1. I have several poets I folow who have written flarf fir a few years. They are actuakkt serious abiut it and don't use randomuzers. Sime of ut us deeoly disturbing in the seriousness of it.

  11. @Toni, our use of Randomizer is just so that we can write a Exquisite Corpse poem on our own. I've written (and tried to draw) in Exquisite Corpse groups in the past and, like any other activity, it is as serious or silly as the artists allow it to be. Many times, things get ridiculous or rather serious grave without anyone trying.

    1. I understans totally. I will leave tou with this bitvof flarf:
      Orange jackanapes twirl
      Folderol fish glubglubs

      Written by a friend of mine as part of his take on, this is how the world ends, not with a bang but a whimper. I hipe my takevon this is full tilt funny as I desperately need a laugh today. Cheers chum 💜💛💚💙

  12. @Toni, it makes me think of Dumbledore's, from the Harry Potter books, favorite words: “Nitwit! Blubber! Oddment! Tweak! Thank you!”

    And, indeed, on the need for laughter.

  13. @Magaly; Bwahahahaha that was fun! I did the best I could to deliver a poem that makes sense.. Happy Weekend!❤️

  14. @Sanaa, I think that with this style sense is almost accidental, lol! Off to read.

  15. This seems fun. i'm bookmarking it to give it a go!!

  16. I need you to come to Bend Oregon and walk me through this, I am struggling. Thinking my brain is way too old. I randomized each group of words. Felt proud of myself and now I am lost.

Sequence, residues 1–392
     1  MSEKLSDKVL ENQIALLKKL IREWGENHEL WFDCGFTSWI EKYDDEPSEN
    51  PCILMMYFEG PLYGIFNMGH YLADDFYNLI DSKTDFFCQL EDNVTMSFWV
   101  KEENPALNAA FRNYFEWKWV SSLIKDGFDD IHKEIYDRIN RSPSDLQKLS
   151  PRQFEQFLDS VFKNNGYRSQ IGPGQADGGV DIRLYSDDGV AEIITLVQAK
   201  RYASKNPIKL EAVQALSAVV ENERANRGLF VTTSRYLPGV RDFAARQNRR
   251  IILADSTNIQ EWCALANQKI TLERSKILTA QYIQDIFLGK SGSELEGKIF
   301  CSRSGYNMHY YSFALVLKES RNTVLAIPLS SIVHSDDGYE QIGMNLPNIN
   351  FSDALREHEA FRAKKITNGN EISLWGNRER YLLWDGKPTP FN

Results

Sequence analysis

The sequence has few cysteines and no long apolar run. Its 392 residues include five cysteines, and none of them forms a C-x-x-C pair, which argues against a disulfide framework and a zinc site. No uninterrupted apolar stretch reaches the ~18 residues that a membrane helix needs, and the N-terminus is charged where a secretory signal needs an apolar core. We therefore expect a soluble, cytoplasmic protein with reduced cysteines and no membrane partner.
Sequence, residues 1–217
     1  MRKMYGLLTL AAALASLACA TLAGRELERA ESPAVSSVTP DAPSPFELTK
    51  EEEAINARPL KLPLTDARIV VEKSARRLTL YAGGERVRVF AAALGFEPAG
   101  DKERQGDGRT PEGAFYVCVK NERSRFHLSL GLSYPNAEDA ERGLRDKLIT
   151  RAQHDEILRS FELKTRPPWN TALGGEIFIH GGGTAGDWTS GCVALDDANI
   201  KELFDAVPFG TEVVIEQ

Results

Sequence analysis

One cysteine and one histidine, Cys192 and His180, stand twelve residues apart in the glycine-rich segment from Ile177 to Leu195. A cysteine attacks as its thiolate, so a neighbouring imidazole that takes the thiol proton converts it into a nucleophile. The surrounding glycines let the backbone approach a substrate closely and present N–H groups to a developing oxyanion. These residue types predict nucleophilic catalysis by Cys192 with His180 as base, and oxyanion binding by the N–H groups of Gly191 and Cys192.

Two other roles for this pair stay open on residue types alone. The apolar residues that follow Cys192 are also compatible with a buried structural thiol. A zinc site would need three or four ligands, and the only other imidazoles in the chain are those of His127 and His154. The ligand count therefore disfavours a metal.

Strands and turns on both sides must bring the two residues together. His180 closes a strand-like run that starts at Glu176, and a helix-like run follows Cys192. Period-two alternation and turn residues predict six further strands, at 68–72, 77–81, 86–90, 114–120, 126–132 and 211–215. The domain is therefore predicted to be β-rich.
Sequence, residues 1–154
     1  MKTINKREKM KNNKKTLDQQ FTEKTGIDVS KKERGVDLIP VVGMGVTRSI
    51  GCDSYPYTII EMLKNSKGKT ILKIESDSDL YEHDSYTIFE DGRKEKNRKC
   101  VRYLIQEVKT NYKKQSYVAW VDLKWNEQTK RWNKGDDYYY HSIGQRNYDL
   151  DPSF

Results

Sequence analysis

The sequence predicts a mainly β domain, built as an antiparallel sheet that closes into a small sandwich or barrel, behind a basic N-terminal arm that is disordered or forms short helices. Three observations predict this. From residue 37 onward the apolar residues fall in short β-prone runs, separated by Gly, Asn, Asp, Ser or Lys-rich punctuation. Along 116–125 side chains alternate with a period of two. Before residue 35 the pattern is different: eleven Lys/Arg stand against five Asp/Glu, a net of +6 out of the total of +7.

17. Feeling dumb.
    If you randomize and then pick one word from the list, how is it different from picking one word before randomizing? So clearly you must mean something else. But if we pick the words for a line and then randomize that, we might not get the order you have specified for parts of speech...
    I give up!

  18. Sitting at my desk giggling at Rosemary .....

  19. @Helen and Rosemary, Imagine you are in a circle playing Exquisite Corpse with other people. There are 5 people, including you. So the poem will have 1 adjective, 1 noun, 1 verb, 1 adjective, and 1 noun per line. Kept in that order.

    The randomizer takes the place of the other players. So, instead of passing the "paper" to the next person, you are randomizing the next group of words to get the next word in the sequence without "looking" at it.

    To do the first line, I would paste the 1st adjective list (randomize) and get the first word of the line. Copy the first noun list (randomize) and get the second word of the same line. Then do the same with the verb and the 2nd lists of adjectives and nouns for each line. It's pure repetition.

    Once you have your lines (as few as 3 or as many as 13) then you just play with words to make the poem yours, just like any other Exquisite Corpse game.

  20. Me too, Helen... my thought exactly "If you randomize and then pick a word from the list how is it different from picking one word before randomizing. So I think (maybe) we have to keep the words in their sequential order. If I pick "adjective #1, then I have to follow through with all the number 1's.... ? Off to give it a whirl...

  21. @Margaret, the point of randomizing again and again is that if we don't do it then we'll never get repeated words--repetition makes the whole thing a bit more fun (or ridiculous). Hence we should do it every single time.

    If you look at my poem, I got a lot of "flabby". Mostly because I randomized for every word in each line.

  22. OK, I know I was going to give myself a break this weekend, but I had to contribute my zaniness LOL, I kept it to the minimum of three lines though.

  23. This was fun.
    Mary (Cactus Haiku)

  24. If this helps any for the folks having trouble, my advice is JUST GO WITH WHtAT YOU GET.
    I dumped all my words, all the lists, into "Randomizer" at once. It ground them all up and said doing that might take a while. I'm not sure I got them all back. It told me I had 129 words and seemed to have stopped.